I Still Go To School

on teaching, learning, travelling


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Endspurt

It is done!

Friday, students were allowed to come in casual clothes, and they brought food for everyone.

Friday, students were allowed to come in casual clothes, and they brought food for everyone.

My year of teaching English in Abidjan has officially come to a close.

We had our graduation celebration last Sunday at the big event hall of the Police School. It was a nice event, a very positive vibe going on and lots of people (over 200). For me, it was an enjoyable occasion, though it also meant saying goodbye to the kids, whom I will miss a lot.

The last couple of weeks very quite intense, having to finish the report cards, and many of the kids finally waking up to the reality of school: If you don’t do any work, it will show in your results. Some understood that when I told them, others were honestly surprised. So most of the time in class I was moving from student to student non-stop, corrected their work during break and lunchtime and handed it back the lesson after. I did not sit down for a minute!

I have learned so many things this year about being a teacher and understanding African culture! These experiences will help me in my future teaching, and remain nice memories. My point system for discipline worked out quite well I believe, at least for 70% of the class. Some improved their behavior a lot during the year, some stayed the same, but none declined, which is nice! Additionally, I could make many connections and find really good friends in my colleagues, a fact which cannot be taken for granted!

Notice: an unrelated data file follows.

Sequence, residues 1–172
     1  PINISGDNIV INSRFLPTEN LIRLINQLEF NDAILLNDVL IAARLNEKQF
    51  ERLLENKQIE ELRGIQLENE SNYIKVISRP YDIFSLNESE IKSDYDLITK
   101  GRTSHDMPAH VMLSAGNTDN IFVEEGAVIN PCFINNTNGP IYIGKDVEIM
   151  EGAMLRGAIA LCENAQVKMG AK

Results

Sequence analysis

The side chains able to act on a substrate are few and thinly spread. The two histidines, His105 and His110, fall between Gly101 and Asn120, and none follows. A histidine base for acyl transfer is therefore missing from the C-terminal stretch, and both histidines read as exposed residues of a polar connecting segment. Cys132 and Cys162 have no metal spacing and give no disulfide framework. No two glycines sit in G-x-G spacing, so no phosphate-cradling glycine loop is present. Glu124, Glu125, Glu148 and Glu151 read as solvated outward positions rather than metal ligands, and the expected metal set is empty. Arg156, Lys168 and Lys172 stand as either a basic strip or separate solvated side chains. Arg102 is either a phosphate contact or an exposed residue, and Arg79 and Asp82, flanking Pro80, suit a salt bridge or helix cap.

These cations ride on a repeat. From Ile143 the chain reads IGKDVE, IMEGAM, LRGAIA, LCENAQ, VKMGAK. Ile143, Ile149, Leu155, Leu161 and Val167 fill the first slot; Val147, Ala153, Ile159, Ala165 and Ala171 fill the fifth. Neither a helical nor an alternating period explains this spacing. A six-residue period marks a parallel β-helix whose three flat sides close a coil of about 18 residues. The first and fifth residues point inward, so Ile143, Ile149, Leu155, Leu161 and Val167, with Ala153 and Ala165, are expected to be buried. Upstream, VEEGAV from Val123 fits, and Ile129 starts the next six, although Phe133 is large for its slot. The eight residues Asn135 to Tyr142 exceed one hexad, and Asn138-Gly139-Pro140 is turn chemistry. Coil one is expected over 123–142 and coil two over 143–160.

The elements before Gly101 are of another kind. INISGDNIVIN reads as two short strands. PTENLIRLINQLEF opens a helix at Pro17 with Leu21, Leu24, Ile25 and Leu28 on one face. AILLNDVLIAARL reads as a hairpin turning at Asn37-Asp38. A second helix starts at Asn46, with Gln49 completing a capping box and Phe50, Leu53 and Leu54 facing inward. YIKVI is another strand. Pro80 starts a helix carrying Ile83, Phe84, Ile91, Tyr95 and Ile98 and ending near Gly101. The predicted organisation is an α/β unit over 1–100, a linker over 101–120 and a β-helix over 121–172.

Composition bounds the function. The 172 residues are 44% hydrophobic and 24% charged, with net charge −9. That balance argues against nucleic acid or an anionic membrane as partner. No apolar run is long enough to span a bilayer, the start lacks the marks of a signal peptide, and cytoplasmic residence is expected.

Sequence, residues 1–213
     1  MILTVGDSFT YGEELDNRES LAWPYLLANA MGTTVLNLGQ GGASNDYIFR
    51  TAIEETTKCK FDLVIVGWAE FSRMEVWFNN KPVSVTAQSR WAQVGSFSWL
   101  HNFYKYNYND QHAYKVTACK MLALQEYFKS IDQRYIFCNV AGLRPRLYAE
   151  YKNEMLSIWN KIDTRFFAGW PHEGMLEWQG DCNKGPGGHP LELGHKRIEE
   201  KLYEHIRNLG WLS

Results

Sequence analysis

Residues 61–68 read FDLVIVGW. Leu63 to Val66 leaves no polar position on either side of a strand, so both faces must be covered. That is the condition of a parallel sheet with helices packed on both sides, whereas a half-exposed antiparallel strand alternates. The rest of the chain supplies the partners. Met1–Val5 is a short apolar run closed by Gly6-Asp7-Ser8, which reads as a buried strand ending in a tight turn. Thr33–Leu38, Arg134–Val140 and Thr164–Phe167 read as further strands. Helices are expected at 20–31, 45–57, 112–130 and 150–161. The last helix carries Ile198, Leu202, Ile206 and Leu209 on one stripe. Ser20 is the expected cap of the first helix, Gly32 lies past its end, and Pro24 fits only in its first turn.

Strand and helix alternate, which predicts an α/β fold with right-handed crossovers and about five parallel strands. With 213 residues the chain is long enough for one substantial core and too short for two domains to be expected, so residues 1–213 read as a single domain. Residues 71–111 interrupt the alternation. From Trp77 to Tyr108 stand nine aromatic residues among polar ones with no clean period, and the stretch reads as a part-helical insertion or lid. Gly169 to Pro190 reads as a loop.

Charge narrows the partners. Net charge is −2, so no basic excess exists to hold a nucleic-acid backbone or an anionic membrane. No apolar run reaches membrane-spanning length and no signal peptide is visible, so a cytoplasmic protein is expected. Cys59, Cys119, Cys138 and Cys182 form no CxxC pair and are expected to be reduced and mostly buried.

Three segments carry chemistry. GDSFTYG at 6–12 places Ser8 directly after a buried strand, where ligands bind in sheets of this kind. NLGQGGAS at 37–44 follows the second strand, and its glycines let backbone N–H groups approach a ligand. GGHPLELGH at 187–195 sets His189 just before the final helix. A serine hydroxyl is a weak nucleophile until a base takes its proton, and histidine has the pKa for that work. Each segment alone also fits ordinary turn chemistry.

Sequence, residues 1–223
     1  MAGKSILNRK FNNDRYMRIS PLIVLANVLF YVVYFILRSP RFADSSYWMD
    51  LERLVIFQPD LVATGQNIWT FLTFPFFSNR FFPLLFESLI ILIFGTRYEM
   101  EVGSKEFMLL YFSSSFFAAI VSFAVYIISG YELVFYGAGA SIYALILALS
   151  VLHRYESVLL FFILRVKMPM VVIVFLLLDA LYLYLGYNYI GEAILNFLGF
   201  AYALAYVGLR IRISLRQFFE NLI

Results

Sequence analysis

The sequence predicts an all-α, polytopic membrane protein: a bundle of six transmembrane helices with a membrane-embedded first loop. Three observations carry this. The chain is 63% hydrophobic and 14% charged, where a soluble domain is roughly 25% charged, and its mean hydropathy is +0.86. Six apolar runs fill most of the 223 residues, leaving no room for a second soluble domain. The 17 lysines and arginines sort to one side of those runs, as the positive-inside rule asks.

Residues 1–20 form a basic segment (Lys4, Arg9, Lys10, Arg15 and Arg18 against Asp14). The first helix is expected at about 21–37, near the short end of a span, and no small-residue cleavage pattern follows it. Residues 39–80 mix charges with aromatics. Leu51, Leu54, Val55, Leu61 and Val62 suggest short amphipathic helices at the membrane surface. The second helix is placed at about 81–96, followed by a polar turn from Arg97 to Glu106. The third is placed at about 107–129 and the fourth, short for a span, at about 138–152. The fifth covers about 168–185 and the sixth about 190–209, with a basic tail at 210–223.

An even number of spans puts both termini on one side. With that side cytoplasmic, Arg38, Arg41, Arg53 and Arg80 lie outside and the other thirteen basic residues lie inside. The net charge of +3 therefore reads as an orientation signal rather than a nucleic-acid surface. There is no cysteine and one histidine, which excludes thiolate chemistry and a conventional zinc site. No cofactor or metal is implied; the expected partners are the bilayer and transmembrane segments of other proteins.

I have only 10 days left in the country, 5th of July I will be leaving 😦

With my students: Maryvonne and Yan Ting

With my students: Maryvonne and Yan Ting

With my students: Maryvonne and Roseline

With my students: Maryvonne and Roseline

My students: Grade 8 Graduates!

My students from Grade 8: Graduated!

The Highschool graduates giving their speeches, and many tears are shed

The Highschool graduates giving their speeches, and many tears are shed

Pierrick and I

Pierrick and I

With my bro Willie

With my bro Willie

With the sports teacher, Eloge

With the sports teacher, Eloge

With my bro Armand

With my bro Armand

I will try to get more and better pictures of graduation when the official photographer arrives.

Meanwhile, the rainy season has started quite dramatically, from months without any rain during the day, to an entire week of torrential rain. The effect of rain on society here is immense! Think of it equivalent to snow in London: public transport stops, few people show up to work, markets are closed. When it rains, everything stops here. To top it off, sometimes electricity breaks down, so even working inside on your computer is not possible, unless your place has a generator (not many places do).

 

Moi et mon frere Wisdom, at his home for dinner

Moi et mon frere Wisdom, at his home for dinner

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His daughter, who tried taking pictures and succeeded after some tries 🙂

I visited the home of Wisdom, a friend I made in Palmerai. He is motivated to find a good job as a driver, and always on the search, but even with an agency it’s tough. If you have a car, you can hire someone privately for about 80.000 FCFA (€122,10) a month, to drive you around at any time to any place you want. You need to be lucky to find someone who pays decently. He told me he wants to work for white people, because they pay well and on time.

Anyways, he invited me for some spaghetti africaine. I think it’s amazing how easy people can trust you here and invite you into their homes, feed you and everything. And you find many who really just want to give out of a good heart, not because they want money from you.

What will I be doing until I go back to Austria? I want to try to visit different places, but most probably within Abidjan. I hope everything works out and I can tell you after 🙂

One thing that is sure: